The following drives are ``blacklisted''. You should not use UDMA with these drives as it may cause corruption of data. To avoid this, the driver should automatically disable DMA for these drives.
If you are, beware! Here is a quote from the old udma-generic documentation:
DON'T OVERCLOCK the PCI bus. 37.5MHz is the maximum supported speed for the PCI bus. Some (supposedly compatible) UDMA drives will not even take 37.5MHz, but should be OK at 33.3MHz. In any case, NEVER, NEVER set the PCI bus to 41.5MHz. The RECOMMENDED safe setting is 33MHz.
Here is another clip from the udma-generic docs:
The real work involved in setting up the chips for DMA transfers is done mostly by the BIOS of each motherboard. Now of course one hopes that the BIOS has been correctly programmed... For example, the ASUS SP-97V motherboard with its original BIOS (Rev. 1.03) would malfunction with the modified Linux driver in both DMA mode 2 and UDMA modes; it would work well using PIO mode 4, or under Windows 95 in all modes. I downloaded the latest BIOS image (Rev. 1.06) from the ASUS Web site and flashed the BIOS EPROM with the latest BIOS revision. It has been working perfectly ever since (at 66 MHz bus speeds). What this tells us is that the BIOS sets up the DMA controller with specific timing parameters (active pulse and recovery clock cycles). My initial BIOS revision probably had bad timings. Since the Windows 95 driver sets up those timings by itself (i.e. it does not depend on the BIOS to setup the hard disk controller timing parameters), I initially had problems only with the Linux driver, while Windows 95 worked well. So, let me state this again: this Linux (U)DMA driver depends on the BIOS for correct (U)DMA controller setup. If you have problems, first check that you have the latest BIOS revision for your specific motherboard. ... New BIOS revisions can be downloaded from your motherboard manufacturer's Web site. Flashing a new BIOS image is a simple operation but one must strictly follow the steps explained on the motherboard manual. Late Award BIOS revisions seem stable with respect to UDMA. Anything with a date of 1998 should be fine.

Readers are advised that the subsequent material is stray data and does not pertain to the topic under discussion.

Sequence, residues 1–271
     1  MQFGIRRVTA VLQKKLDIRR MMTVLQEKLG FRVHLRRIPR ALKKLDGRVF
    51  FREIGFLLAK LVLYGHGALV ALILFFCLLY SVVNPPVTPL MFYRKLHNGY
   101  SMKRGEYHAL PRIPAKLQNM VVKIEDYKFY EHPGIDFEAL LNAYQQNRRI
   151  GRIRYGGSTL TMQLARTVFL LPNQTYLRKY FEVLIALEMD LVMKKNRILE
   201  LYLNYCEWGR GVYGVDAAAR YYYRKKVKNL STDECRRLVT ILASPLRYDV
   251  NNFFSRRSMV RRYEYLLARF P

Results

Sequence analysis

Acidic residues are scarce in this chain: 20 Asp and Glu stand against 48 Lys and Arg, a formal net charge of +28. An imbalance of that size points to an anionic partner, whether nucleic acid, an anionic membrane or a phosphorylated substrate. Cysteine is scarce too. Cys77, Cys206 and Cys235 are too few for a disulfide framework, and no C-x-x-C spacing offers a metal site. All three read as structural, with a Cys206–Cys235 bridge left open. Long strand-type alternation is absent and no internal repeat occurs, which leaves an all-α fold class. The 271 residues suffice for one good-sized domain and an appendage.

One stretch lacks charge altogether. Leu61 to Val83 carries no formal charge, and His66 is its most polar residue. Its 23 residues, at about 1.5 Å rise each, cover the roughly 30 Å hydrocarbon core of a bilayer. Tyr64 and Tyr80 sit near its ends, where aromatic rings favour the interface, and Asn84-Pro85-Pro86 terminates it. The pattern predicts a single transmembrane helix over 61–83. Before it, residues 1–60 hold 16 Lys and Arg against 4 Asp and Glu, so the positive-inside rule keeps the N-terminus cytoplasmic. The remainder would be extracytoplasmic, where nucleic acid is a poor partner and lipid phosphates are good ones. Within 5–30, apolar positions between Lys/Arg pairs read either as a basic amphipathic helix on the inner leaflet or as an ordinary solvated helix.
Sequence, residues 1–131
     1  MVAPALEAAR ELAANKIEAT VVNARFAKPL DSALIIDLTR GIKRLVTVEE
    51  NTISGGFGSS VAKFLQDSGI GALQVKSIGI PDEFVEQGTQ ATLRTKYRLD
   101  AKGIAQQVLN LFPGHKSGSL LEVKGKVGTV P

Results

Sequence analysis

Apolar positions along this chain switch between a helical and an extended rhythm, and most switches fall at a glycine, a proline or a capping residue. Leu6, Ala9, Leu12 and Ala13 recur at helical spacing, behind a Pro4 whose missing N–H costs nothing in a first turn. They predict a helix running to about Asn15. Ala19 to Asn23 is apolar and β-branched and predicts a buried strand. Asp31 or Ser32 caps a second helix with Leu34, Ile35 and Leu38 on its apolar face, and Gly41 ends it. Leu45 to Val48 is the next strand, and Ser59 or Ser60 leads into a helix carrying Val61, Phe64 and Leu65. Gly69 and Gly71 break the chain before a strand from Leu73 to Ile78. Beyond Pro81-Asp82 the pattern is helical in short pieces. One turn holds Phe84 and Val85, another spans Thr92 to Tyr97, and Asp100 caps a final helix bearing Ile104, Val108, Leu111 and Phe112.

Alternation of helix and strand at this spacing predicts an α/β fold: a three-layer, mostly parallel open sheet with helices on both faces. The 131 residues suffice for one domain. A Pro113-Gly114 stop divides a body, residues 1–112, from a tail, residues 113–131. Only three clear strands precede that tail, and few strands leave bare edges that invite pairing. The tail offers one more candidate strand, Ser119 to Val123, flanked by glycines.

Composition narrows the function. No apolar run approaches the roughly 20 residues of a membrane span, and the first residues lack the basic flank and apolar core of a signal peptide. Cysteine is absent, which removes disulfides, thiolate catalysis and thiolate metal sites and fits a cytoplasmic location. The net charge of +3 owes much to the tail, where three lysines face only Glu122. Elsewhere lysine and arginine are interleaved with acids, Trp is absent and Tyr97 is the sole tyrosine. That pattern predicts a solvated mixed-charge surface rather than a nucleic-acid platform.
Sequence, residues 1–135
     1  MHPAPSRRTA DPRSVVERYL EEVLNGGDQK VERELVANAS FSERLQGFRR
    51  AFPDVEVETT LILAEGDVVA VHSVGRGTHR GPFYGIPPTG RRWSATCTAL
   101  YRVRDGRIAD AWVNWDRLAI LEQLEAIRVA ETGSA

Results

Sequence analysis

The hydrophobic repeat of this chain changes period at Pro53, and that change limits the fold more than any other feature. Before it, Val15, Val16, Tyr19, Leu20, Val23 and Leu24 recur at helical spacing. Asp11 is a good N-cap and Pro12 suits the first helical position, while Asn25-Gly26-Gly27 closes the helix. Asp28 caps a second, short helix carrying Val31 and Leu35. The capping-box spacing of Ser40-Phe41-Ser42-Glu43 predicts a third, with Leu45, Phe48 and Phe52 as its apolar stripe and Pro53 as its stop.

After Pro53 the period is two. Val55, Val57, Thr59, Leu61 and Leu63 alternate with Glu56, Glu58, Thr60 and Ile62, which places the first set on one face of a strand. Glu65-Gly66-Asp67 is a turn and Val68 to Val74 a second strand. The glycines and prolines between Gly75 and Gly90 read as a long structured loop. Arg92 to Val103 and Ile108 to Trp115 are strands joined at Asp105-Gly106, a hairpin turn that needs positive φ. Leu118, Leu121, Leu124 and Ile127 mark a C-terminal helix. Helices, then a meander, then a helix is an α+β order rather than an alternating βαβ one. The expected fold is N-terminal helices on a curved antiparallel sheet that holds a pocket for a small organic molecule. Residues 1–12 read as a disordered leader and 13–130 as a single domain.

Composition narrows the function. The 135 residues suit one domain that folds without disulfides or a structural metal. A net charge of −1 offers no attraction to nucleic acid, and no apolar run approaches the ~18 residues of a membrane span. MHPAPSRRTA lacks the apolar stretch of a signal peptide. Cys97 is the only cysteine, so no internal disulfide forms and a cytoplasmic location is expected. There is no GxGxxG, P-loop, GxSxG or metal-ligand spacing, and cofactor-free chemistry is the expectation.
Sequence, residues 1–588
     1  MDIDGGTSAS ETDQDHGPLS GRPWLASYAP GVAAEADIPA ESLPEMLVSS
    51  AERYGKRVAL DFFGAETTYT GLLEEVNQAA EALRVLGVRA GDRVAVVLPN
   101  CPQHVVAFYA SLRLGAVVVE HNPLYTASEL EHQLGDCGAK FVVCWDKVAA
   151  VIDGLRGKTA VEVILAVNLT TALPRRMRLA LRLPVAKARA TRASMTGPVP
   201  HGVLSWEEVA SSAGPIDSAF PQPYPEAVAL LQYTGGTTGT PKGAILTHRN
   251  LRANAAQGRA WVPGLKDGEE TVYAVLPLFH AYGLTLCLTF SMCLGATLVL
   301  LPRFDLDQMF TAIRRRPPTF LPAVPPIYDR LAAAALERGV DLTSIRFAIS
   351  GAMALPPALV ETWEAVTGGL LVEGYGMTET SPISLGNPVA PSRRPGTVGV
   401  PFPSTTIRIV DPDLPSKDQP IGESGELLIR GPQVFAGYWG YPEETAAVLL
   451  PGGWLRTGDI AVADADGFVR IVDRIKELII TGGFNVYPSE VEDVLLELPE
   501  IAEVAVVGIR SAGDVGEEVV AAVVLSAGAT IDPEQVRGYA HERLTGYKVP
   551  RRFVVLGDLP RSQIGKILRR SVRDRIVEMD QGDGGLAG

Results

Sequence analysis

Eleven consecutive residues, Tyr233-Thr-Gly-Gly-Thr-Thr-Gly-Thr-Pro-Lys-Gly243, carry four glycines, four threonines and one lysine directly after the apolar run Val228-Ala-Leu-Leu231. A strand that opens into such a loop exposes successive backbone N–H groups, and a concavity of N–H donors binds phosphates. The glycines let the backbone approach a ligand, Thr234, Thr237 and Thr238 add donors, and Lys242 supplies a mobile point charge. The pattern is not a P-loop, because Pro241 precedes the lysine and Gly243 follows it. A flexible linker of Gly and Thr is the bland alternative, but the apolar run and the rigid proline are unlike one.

If nothing in this document proved helpful, or at least not helpful enough to get your machine working, your best bet is to write up a message that fully describes your difficulty, what type of UDMA interface you have, whether it is onboard or on a card, if your drive is actually UDMA or plain EIDE, exactly what configuration of drives you have, what version (distribution & kernel versions if possible) of Linux you are using, and anything else that sounds useful, and post it to the newsgroup comp.os.linux.hardware. You will probably get some helpful suggestions soon.